Common sense has that killing someone amounts to causing the death of someone. This makes killing a physical, biological, or, at best, metaphysical issue, and, as a consequence, the ethics of killing can be dealt with independently of the non-ethical issue of who the killer is. However, in this paper, we show that this is not the case. A physical/biological definition of death plus a metaphysical definition of causation does not exhaust the meaning of killing. Rather, the notion of killing (...)
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  22. added 2017-03-29
    Moral Fixed Points and Conceptual Deficiency: Reply to Ingram (2015).Kyriacou Christos - 2017 - Journal of Ethics and Social Philosophy 2017:1-9.
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  23. added 2017-03-28
    Metaethics in Context of Engineering Ethical and Moral Systems.Klincewicz Michal & Frank Lily - 2016 - In AAAI Spring Series Technical Reports. Palo Alto, CA, USA: AAAI Press.
  24. added 2017-03-27
    A Limited Skeptical Threat. [REVIEW]Joshua May - forthcoming - Behavioral and Brain Sciences.
    Doris argues that our choices are heavily influenced by forces that we wouldn’t count as genuine reasons. This unsettling conclusion is motivated by a debunking argument so wide-ranging that it isn’t foisted upon us by the sciences. Doris sometimes seems to lower his ambitions when offering instead a skeptical hypothesis argument, but that conflicts with his aims in the book.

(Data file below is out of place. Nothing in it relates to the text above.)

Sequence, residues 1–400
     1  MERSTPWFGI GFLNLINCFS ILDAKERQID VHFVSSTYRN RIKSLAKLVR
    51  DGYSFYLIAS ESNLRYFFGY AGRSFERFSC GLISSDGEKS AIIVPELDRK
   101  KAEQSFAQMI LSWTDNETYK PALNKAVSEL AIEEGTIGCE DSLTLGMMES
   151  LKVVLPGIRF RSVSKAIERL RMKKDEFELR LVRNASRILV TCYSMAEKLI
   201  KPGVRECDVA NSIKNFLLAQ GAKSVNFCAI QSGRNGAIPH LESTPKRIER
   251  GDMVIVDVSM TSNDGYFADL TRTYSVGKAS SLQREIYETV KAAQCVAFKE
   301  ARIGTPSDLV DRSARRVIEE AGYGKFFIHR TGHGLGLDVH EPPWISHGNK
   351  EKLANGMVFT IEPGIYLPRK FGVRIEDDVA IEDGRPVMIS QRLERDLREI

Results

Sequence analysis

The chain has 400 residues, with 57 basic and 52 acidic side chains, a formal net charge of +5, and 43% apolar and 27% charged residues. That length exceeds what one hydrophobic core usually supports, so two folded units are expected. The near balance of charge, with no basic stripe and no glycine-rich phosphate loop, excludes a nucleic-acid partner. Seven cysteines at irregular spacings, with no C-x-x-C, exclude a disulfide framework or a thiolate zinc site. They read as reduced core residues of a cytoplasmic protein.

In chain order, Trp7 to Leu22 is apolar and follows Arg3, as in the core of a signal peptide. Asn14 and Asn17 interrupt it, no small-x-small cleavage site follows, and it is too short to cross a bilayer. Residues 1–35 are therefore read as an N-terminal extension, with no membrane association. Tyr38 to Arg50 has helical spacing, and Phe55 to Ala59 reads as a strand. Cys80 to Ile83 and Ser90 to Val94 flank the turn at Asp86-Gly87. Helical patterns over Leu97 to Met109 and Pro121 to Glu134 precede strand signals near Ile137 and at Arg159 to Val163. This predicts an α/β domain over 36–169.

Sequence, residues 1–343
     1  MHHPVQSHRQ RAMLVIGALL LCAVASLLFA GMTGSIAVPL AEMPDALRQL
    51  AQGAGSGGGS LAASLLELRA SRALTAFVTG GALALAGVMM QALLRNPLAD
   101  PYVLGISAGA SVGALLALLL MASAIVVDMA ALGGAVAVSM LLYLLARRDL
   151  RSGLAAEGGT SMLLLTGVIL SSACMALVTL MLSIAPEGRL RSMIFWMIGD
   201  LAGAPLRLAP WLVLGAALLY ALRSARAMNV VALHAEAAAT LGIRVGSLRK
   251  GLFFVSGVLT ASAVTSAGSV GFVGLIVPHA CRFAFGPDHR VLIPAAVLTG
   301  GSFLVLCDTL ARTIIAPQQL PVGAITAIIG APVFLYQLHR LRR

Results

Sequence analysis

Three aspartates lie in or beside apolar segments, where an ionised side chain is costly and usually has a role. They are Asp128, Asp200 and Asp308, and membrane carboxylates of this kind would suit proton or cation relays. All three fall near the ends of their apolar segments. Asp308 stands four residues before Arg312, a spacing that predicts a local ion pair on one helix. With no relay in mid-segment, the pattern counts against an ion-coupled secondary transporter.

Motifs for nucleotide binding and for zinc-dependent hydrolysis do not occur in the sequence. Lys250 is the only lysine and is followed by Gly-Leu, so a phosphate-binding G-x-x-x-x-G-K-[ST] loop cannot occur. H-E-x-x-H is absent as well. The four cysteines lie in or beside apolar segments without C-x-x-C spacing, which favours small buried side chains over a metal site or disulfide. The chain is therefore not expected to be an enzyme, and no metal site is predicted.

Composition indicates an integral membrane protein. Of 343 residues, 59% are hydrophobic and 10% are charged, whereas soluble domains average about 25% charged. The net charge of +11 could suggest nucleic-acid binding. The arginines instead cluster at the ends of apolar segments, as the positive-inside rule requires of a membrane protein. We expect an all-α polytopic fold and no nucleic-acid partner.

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  25. added 2017-03-24
    Ethical Non-Naturalism and the Guise of the Good.Francesco Orsi - forthcoming - Topoi:1-10.
    The paper presents a positive argument for a version of metaphysically light ethical non-naturalism from the nature of mental states such as desires. It uses as its premise the time-honoured, and recently rediscovered, doctrine of the guise of the good, whereby it is essential to desire that the object of desire be conceived as good or as normatively favoured under some description. The argument is that if the guise of the good is a correct theory of desire, then a certain (...)
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  26. added 2017-03-24
    Making Sense of Value.Adrian M. S. Piper - 1996 - Ethics 106 (3):525-537.